There are fewer than twenty full-time residents on Lundy, a tiny windswept island twelve miles north of Hartland Point. Now a refuge for thousands of marine birds, Lundy has no cars, just one pub and one shop – indeed little has changed since the Marisco family established itself here in the twelfth century, making use of the shingle beaches and coves to terrorize shipping along the Bristol Channel. The family’s fortunes only fell in 1242 when one of their number, William de Marisco, was found to be plotting against the king, whereupon he was hung, drawn and quartered at Tower Hill in London. The castle erected by Henry III on Lundy’s southern end dates from this time.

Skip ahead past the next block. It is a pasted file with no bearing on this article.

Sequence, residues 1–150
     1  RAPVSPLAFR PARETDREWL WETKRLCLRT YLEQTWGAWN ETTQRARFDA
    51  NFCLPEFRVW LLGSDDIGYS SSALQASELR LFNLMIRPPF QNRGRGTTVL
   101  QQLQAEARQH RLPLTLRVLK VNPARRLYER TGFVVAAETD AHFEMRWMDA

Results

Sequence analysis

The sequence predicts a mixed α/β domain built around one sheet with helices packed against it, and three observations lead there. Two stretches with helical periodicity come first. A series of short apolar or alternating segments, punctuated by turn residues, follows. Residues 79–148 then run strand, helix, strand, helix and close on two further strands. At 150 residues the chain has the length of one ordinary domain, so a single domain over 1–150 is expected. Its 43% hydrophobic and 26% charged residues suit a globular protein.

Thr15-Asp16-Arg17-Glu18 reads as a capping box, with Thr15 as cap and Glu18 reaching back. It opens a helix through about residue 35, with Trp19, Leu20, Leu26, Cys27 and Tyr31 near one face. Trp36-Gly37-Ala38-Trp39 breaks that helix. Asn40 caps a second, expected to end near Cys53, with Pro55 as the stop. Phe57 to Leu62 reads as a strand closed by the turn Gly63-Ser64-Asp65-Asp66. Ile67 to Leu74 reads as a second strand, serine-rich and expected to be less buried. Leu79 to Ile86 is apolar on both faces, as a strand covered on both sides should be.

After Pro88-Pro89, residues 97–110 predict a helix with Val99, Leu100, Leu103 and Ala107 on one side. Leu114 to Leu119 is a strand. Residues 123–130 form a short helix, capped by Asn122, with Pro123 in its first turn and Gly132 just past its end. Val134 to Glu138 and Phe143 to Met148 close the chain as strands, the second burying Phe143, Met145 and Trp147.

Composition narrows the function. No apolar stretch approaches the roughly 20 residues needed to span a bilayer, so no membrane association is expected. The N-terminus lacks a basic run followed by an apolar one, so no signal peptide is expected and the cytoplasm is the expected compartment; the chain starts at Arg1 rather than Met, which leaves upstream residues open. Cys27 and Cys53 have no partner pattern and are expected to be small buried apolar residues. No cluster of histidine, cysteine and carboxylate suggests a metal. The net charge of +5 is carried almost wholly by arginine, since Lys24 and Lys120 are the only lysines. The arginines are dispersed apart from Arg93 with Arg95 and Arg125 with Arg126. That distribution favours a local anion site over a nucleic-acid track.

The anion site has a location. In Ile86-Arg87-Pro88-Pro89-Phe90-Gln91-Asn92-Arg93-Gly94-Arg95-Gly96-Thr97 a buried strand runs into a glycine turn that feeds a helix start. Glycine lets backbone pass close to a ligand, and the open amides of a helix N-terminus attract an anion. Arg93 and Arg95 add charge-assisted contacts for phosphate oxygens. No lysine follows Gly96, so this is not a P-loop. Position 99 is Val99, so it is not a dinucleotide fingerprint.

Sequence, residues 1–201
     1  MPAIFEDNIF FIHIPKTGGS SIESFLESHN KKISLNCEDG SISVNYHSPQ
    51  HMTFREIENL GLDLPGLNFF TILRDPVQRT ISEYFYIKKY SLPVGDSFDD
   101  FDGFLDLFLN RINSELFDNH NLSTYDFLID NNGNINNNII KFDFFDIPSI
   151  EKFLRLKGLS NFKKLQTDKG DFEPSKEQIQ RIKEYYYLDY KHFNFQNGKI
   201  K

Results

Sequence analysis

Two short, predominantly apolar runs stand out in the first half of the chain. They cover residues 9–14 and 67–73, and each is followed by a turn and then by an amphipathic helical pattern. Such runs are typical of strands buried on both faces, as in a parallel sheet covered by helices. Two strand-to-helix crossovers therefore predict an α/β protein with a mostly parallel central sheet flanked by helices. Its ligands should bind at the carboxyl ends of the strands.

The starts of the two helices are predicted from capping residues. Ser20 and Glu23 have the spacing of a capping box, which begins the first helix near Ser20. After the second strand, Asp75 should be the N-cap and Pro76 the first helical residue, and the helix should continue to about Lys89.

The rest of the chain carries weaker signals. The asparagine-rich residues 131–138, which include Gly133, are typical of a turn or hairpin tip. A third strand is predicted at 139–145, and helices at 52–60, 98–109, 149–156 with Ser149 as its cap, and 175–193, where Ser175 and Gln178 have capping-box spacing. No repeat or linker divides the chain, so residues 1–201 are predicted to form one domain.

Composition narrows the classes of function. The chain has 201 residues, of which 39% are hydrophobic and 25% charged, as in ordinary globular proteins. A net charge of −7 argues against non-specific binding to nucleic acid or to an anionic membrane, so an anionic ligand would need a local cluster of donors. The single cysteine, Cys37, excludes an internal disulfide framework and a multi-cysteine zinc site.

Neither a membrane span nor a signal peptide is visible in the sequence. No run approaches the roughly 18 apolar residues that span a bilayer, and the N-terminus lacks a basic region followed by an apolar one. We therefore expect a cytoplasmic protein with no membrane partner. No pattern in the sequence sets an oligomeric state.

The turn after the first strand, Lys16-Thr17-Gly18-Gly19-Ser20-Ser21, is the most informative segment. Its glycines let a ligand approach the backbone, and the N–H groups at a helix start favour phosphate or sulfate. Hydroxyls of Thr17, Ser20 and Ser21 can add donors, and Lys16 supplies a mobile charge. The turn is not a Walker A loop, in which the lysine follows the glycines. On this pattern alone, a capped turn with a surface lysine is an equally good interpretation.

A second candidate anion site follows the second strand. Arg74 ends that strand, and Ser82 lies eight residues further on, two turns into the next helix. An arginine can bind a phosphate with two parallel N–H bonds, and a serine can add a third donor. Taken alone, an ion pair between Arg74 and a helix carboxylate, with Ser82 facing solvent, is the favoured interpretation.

Today the island is managed by the Landmark Trust. Unless you’re on a specially arranged diving or climbing expedition, walking along the interweaving tracks and footpaths is really the only thing to do here. The shores – mainly cliffy on the west, softer and undulating on the east – shelter a rich variety of birdlife, including kittiwakes, fulmars, shags and Manx shearwaters, which often nest in rabbit burrows. The most famous birds, though, are the puffins after which Lundy is named – from the Norse Lunde (puffin) and ey (island). They can only be sighted in April and May, when they come ashore to mate. Offshore, grey seals can be seen all the year round.